‘Good neighbor’ policies should apply to wind farms, too
Palo Alto County is going through growing pains. Some of our landowners have proposed a wind farm. The county Board of Supervisors has been challenged to write an ordinance that addresses the concerns of all the landowners involved, both participating and not. This ordinance will also speak to possible future wind farms, and many counties in the area are waiting to see how Palo Alto will proceed.
One of our supervisors, Linus Solberg, many years ago came up with the “Good Neighbor Policy” to address the siting of hog confinement buildings. This requires a setback of a half a mile from homes. If you wish to build closer to a neighbor, you can ask that neighbor to sign a waiver. By and large this policy has been a great success.
Now we have wind companies that want us to toss out our “Good Neighbor Policy” for them. There are not enough acres on the farms of participating landowners to make a big enough wind farm and they have drawn a line. The “Good Neighbor Policy” goes or they do.
They are willing to give us 1,500-foot setbacks from homes, which they say is generous. It is generous only because they say so. Many communities across the country have much larger setbacks. Wind turbines give the illusion of gracefully sweeping the sky but depending on direction, speed and even humidity, they can make quite a racket. Just like any piece of machinery they likely get louder with age.
On the advice of counsel, the supervisors also asked the wind company to bury their connector power lines by trenching them in 7 feet deep in order to avoid damaging our county tile systems. They balked at this extra expense and again threatened to leave.
When — and if — drainage districts have problems, will we be met with the same smiling agents we see now or with a row of flint-faced lawyers?
Setbacks from property lines is another point of contention. The future of farming lies in efficiency. We need to be able to use aerial applications for fighting funguses in humid weather to seeding cover crops. Aerial applicators are adamant that it is not safe for them to work within half a mile of a wind farm. Even if some of them are willing to risk the task, the price is higher. If your non-participating farm happens to be surrounded by participating farms, then an important tool to maintain your land properly has been taken from you without one-half mile setbacks from property lines. Again, waivers could be obtained if a neighbor was willing to have the turbine closer.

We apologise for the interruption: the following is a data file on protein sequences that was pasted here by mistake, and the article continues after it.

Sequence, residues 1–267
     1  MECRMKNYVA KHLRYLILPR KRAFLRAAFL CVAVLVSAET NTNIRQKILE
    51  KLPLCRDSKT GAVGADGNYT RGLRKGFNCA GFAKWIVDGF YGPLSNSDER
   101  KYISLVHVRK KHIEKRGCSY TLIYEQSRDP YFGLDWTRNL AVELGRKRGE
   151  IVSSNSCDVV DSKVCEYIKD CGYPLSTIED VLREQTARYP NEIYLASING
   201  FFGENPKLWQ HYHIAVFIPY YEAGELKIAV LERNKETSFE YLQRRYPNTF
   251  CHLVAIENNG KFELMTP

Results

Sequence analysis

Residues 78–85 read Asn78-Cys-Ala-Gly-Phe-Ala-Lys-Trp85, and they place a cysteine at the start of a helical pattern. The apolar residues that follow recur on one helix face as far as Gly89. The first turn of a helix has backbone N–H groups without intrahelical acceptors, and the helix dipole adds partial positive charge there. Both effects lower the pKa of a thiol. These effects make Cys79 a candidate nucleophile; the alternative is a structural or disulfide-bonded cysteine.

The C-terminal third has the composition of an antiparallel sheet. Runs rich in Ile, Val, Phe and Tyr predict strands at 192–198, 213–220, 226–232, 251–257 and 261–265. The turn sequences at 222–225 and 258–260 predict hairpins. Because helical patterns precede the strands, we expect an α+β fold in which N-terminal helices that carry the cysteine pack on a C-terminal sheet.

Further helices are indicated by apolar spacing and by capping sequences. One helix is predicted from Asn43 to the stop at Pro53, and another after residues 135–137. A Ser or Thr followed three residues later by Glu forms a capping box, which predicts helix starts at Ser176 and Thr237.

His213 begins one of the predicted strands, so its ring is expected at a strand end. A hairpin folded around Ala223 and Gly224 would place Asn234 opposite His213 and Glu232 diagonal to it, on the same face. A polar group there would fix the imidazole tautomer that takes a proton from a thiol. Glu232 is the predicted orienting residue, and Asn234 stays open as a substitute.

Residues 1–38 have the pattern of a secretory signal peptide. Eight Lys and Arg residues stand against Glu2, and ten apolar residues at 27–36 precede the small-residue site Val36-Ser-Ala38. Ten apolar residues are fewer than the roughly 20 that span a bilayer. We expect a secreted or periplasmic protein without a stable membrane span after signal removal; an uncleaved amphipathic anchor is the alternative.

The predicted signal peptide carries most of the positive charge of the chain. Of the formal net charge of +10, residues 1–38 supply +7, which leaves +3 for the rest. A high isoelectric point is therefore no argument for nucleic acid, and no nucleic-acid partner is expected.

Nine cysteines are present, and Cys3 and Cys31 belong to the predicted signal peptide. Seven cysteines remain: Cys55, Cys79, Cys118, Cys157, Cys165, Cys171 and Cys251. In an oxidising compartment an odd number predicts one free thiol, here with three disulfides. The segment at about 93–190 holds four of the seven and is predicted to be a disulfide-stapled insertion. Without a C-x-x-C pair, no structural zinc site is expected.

Not many landowners are interested in telling their neighbors what they can or can’t do on their own land. Landowners who want wind turbines feel burdened by the needs of their neighbors. Wind companies resist protecting our important tiling infrastructure or protecting the homes and businesses of the communities they claim they are helping. Landowners who want wind turbines should be defending the property rights of themselves and their neighbors.
The wind companies should be catering to our communities, not the other way around. They say if we don’t capitulate to their needs they will leave, but no matter the outcome, leave they will for they do not live here, we do.
Now is the time to speak up before these ordinances and turbines are set. Be heard rather than letting the people who do not farm speak for us, farmers have been too quiet, our supervisors have not heard from enough of you. This will be the last time our counties will truly have power over these large companies, let’s get it right.
JANNA SWANSON own lands and farms, with her husband, Paul, in Palo Alto County near Ayrshire. Contact: firstname.lastname@example.org